slightwv (䄆 Netminder) Commented:
>>why need SYSTEM ?

Because that is the way Oracle chose to create things?

In the Windows world you have Administrator and Power User roles.  Why?

Because you shouldn't always log in to the most powerful account for the day to day tasks.

From a security issue you should only have the minimum permissions necessary to do what you need.

There is a reason not everyone has the DBA role, Administrtor or root depending on the OS/database/???.

>>what is that mean ?  

You get one 'owner' and one 'DBA' account out of the box.

>>it means if we need to create a new DBA account for new a new aboard DBA, we only clone one using SYSTEM but not SYS ? I

You don't clone anything.  If you need a new DBA level account, create it and grant the DBA role to it.
Kent OlsenDBACommented:
Hi enyimba,

Keep in mind that the things that Oracle does as part of its normal operation are far different than the interface(s) that allow us to interact with it.  There is no mechanism for a user to read the third page in tablespace USERSPACE1 and see if the 3rd column in the second row of data is NULL.  But that is exactly what could occur with a simple SELECT query.

Internally, Oracle doesn't manage items by username.  They're managed by the user_id associated with the user name.  The interface that we use to interact with Oracle converts the user_id to the username that we use.

Run this query:

SELECT * FROM ALL_USERS WHERE USERNAME = 'SYS';

What you'll get is something that looks like this:

USERNAME                          USER_ID CREATED
------------------------------ ---------- ---------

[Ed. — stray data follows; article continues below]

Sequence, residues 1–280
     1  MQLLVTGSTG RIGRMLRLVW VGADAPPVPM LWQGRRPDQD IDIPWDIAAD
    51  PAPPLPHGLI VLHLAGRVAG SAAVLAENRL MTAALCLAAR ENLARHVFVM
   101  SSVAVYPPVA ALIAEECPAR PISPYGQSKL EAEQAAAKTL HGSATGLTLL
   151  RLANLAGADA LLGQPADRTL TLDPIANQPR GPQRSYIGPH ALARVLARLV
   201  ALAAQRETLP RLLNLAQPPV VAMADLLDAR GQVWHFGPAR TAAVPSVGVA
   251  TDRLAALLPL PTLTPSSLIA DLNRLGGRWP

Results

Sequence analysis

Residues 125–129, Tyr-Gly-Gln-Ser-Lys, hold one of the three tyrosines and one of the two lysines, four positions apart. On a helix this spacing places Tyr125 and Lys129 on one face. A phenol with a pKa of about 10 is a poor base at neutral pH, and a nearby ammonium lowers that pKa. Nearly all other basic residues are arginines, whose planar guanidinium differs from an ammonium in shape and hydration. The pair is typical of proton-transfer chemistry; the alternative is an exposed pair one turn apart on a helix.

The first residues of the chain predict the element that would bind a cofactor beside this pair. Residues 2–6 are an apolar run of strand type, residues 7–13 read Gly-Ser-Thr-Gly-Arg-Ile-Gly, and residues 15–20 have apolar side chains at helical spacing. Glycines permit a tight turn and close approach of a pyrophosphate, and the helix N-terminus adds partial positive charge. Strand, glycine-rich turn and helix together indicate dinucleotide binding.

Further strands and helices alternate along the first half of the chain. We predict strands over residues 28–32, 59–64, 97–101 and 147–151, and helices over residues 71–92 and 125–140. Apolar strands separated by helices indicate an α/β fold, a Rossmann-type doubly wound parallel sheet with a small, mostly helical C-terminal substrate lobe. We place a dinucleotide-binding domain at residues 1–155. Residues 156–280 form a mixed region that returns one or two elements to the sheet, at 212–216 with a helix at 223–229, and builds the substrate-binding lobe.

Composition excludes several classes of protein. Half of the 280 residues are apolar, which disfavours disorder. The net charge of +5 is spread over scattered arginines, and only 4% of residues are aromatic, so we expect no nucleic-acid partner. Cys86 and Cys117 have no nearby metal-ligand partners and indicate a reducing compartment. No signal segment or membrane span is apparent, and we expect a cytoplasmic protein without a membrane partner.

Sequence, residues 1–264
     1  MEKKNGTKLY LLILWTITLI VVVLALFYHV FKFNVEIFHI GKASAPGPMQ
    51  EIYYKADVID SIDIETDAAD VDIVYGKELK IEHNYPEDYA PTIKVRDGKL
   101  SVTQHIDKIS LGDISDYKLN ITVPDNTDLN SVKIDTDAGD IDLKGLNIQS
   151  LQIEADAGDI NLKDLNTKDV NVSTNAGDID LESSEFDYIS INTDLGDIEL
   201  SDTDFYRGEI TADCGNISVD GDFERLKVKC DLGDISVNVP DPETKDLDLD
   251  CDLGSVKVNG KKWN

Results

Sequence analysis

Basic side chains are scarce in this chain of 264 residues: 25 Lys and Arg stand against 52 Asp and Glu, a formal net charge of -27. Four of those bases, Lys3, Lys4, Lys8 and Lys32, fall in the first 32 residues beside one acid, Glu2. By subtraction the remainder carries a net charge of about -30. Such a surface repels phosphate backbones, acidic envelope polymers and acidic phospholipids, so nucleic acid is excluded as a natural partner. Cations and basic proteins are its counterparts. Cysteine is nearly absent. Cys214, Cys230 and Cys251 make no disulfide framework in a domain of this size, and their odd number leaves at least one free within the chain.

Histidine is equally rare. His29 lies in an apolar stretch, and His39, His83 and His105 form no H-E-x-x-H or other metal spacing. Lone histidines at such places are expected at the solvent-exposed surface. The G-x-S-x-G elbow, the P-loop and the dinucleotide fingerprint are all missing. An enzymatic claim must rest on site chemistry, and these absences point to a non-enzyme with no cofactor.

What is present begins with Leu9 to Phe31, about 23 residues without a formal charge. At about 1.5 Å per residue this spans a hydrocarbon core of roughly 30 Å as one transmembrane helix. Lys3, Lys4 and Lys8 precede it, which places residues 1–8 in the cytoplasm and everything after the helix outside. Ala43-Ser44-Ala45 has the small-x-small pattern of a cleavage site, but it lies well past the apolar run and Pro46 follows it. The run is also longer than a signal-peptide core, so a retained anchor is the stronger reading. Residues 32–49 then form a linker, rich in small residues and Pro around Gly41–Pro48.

SYS                                     0 24-JUL-07

Open in new window


SYS has user_id 0.  (Just like root has user_id 0 on unix and linux systems).  From a practical standpoint, user_id 0 IS Oracle and has unlimited authority.  Every other user is an extension of the Oracle system and can do no more than it is explicitly authorized to do.  That's the reason that SYS can't be cloned.  None of the permissions (as you think of them) matter.  The cloned user will have its own ID, and it won't be 0.
marrowyungSenior Technical architecture (Data)Author Commented:
slightwv,

"You get one 'owner' and one 'DBA' account out of the box.
"
so owner: SYS
DBA : SYSTEM

you mean.

"You don't clone anything.  If you need a new DBA level account, create it and grant the DBA role to it. "

good !

is it what you mean when I am creating an user account using Toad for Oracle ?

when creating oracle DBA role

what is default there means if you use Toad before ?
SQL developer seems can't create a new user but alter it .

but in this way, it seems that there are no instance when we really need to login using SYSTEM, right?
marrowyungSenior Technical architecture (Data)Author Commented:
Kdo